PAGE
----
The mid-fifties to mid-seventies saw a wealth of approaches which challenged fetishist forms, elitist conditions of reception, and quietist practices. Some terms from this period are still with us today, although often used with meanings not giving justice to the original projects: dematerialization, conceptual art, intermedia, situationnism, fluxus, happenings.
EXAMPLES: HIGH RED CENTER, SHARITS, BALDESSARI/NICOLAIDIS, TUCUMAN ARDE, PIPER, HAACKE
CASE STUDY OF HISTORY REWRITTEN: FLECK CONTRA LIPPARD/CHANDLER/BURGIN
3.THE TESTING GROUND, RESTORATION STEP BY STEP
PARALLELS TO ACADEMIA/MOUFFE/NEGRI-HARDT
4. ART ON THE PULSE OF NEOLIBERALIST IDEOLOGY
POP/IDENTITY POLITICS (1980-1999)
ANTIHISTORICISM/LA LOGIQUE DE LA MODE
THE NEW BOLDNESS (2000-2006)
ART AGAINST THE POPULISTS/PEOPLE (2005)
5. WHY IS ART VALUABLE TO DOMINANT FRACTIONS?
Despite being, on the show-room level, ever more the narcissistic mirror of collector-class values, being brazenly subordinated to a sort of playground (or "funhouse", if certain practices by male collectors are to be factored in) function, gallery-art "works" in the cultural landscape, maintaining its generously-allotted place in the public sphere and crowding-out less-welcome cultural practices. This is because, in the "back-room," art-actors mobilize valuable symbolic ressources that allow the field to reproduce its legitimacy. Once tried and tested, these ressources can then be exported to other areas: first, upscale media content and fashion, then corporate policy, and later: mass-media campaigns of various sorts.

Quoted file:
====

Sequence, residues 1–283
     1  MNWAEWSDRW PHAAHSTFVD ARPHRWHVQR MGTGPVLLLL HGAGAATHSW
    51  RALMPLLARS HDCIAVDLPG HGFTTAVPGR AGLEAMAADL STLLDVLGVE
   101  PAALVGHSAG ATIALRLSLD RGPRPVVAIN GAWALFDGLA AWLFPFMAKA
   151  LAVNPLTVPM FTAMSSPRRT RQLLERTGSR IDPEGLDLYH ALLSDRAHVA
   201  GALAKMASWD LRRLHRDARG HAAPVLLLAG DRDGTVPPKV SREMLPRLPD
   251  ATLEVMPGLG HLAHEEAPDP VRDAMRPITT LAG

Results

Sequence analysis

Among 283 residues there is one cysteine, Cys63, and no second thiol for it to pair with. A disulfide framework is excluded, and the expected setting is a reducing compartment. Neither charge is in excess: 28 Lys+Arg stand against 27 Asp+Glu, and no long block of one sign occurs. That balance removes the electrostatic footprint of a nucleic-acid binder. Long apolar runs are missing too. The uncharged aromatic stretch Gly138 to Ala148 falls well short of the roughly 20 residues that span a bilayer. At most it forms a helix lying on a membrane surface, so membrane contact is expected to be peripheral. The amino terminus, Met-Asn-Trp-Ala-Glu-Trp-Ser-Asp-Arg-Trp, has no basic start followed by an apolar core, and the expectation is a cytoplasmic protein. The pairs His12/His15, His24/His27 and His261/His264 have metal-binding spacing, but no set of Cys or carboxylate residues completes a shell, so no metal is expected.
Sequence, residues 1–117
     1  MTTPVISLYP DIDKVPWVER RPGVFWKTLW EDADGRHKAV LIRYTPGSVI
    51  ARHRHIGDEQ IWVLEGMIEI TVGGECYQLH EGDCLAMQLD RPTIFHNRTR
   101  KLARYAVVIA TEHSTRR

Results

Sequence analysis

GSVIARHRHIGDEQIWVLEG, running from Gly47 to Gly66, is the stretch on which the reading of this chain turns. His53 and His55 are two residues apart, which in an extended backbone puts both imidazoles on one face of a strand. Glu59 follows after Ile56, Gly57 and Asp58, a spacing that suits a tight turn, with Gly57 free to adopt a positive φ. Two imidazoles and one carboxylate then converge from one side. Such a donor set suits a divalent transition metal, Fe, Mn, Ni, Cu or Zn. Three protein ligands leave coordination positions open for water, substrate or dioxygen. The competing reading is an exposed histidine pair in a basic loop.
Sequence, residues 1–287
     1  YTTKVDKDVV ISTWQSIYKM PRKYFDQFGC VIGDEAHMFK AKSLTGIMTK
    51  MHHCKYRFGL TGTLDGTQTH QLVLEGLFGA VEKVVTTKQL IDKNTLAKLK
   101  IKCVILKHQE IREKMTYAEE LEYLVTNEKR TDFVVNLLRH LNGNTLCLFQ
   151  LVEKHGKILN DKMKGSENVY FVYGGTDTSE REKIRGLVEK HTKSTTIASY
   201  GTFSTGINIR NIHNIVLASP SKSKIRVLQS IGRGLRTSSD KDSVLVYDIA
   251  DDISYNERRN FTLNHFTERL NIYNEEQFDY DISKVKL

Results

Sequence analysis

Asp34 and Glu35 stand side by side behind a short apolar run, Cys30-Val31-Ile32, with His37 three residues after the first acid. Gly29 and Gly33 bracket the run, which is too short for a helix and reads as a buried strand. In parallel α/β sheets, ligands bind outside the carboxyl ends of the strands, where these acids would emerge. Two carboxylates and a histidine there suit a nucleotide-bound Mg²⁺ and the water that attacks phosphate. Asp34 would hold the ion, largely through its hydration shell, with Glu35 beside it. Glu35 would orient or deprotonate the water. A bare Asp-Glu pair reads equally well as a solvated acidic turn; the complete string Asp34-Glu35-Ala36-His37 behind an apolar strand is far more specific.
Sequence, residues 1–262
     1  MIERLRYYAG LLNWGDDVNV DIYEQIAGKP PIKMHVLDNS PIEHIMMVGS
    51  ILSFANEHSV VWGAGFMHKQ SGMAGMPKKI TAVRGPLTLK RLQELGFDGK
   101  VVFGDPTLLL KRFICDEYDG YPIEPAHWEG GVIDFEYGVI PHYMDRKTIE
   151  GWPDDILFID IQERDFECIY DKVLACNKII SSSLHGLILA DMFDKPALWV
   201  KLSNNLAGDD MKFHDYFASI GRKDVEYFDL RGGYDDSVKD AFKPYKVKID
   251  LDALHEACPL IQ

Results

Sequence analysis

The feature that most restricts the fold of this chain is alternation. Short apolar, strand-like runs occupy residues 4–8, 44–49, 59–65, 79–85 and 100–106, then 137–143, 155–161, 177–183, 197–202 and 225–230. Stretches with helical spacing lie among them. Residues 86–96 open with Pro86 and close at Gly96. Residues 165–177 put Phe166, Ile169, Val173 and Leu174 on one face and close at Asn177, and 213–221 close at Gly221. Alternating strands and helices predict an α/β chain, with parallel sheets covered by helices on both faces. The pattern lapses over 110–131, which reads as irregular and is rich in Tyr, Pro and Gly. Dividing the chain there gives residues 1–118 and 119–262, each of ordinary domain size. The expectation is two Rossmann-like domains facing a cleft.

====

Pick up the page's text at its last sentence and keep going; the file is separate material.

5.1. Gallery-art draws, in both senses—
First, a conservative return to signature, to a recording/reflection of the real with the added-value of the creator´s personal sensibility/biography (and post-Duchamp strategies, despite the hype, hardly ever do more than refine this motif).
This scheme reinforces quietism by resorting to an odd humility, apparently inspired from scientific method, but really rooted in the bourgeois ideology of "disinterested" art: while reflection may be deeply subjective and irrational, any approach affecting viewers or the environment with anything ressembling an "intention" may draw the most unqualified reprimands and calls-to-order.